Thursday, June 29, 2017

A strong likelihood that this pronggilled is Paraleptophlebia debilis

I've been looking through photos I've taken of mayflies, looking for Pronggilled mayflies, and yesterday I came across this one, a picture I took in May of 2012.  If you look closely at the terga you'll note that this appears to be the same species of one of the nymphs my friend found in Sugar Hollow.

The same crescent shaped marks on the anterior edges of terga 4-6, and the markings on terga 7-10 match up as well.  Also of note, 1) the gills lack lateral branching, and 2) there are posterolateral projections on terga 8 and 9.

Those features alone -- the lack of tracheal branching and the posterolateral projections on 8 and 9 -- would lead to a Paraleptophlebia debilis ID in Mayflies by Knopp and Cormier (p. 269).   But I'd prefer to have additional confirmation.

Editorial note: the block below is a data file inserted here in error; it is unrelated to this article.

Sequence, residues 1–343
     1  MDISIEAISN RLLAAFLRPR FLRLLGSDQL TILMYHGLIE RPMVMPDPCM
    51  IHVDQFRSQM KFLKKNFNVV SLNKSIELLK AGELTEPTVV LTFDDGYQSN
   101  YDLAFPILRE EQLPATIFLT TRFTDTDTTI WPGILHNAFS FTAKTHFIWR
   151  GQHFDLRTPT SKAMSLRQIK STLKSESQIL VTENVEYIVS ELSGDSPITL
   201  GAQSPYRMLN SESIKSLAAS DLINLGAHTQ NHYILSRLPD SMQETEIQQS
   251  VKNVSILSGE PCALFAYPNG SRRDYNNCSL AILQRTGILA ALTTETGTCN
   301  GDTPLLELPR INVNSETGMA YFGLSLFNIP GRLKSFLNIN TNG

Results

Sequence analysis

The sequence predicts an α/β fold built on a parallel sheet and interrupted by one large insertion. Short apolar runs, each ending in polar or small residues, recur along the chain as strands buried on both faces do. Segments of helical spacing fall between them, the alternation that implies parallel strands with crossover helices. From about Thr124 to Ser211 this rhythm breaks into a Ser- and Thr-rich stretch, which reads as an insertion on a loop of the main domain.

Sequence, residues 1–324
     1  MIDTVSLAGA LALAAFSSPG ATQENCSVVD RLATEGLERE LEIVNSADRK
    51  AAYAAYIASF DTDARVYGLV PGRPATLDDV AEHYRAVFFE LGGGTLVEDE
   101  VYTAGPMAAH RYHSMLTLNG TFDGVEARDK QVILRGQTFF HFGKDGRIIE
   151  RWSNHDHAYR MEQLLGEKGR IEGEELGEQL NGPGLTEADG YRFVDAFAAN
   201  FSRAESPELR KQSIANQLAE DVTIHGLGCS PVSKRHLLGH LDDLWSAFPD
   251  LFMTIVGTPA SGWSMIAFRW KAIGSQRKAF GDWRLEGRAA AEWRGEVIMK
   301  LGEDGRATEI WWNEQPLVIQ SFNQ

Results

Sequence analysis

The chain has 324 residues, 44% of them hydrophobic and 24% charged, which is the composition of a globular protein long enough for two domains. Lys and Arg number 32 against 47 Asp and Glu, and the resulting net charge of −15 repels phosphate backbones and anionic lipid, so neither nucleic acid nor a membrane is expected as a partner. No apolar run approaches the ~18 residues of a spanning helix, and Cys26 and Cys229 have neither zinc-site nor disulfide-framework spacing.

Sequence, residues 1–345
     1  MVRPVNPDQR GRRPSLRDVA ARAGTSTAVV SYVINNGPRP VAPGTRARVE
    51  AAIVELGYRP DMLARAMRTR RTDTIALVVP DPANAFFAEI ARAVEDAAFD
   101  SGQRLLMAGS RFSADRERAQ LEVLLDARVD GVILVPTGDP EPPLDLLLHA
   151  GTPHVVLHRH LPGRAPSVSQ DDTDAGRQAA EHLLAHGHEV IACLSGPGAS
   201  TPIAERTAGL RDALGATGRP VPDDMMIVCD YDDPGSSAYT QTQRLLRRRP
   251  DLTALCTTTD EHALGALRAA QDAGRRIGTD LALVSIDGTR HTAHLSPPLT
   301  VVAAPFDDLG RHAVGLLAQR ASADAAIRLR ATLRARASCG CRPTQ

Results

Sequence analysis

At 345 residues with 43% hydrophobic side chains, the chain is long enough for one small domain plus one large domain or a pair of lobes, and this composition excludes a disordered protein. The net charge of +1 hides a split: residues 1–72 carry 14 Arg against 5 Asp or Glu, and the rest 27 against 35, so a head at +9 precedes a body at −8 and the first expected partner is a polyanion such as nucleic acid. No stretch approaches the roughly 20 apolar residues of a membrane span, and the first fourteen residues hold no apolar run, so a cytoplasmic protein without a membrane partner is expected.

Let's look at Donald Chandler's Key to Species of Leptophlebiidae.  Now, I no longer have a specimen that I can examine, which means I can't look at the maxillary palps, and that's a problem.  To be certain of our ID, we'd have to see palps on which -- in contrast to those we see on P. strigula and P. guttata (see the entries of 6/23 and 6/25) -- the "Segments of [the[ maxillary palpus [are] comparatively short."  But I think that that's a pretty good bet.  Why?  Because there are three species with "elongate" segments -- P. strigula, P. guttata, and P. ontario -- and we know from our previous entries that this is not strigula or guttata, and ontario has "Abdominal tergites [that] are largely yellowish with irregular brown markings."  No match there.

That takes us to dichotomy 9.

9. Abdominal tergites mottled; legs pale, barred with darker brown........paraleptophlebia debilis.
Legs uniformly brown or nearly so......10 

I'm fine with calling those terga "mottled," and the legs do look "pale [but] barred with darker brown," at least on the nymph that was found by my friend.

Not a certain ID.  But if my reasoning is solid, I think there's a pretty good chance that we've found a third Pronggilled species that inhabits our small cold-water streams.

No comments:

Post a Comment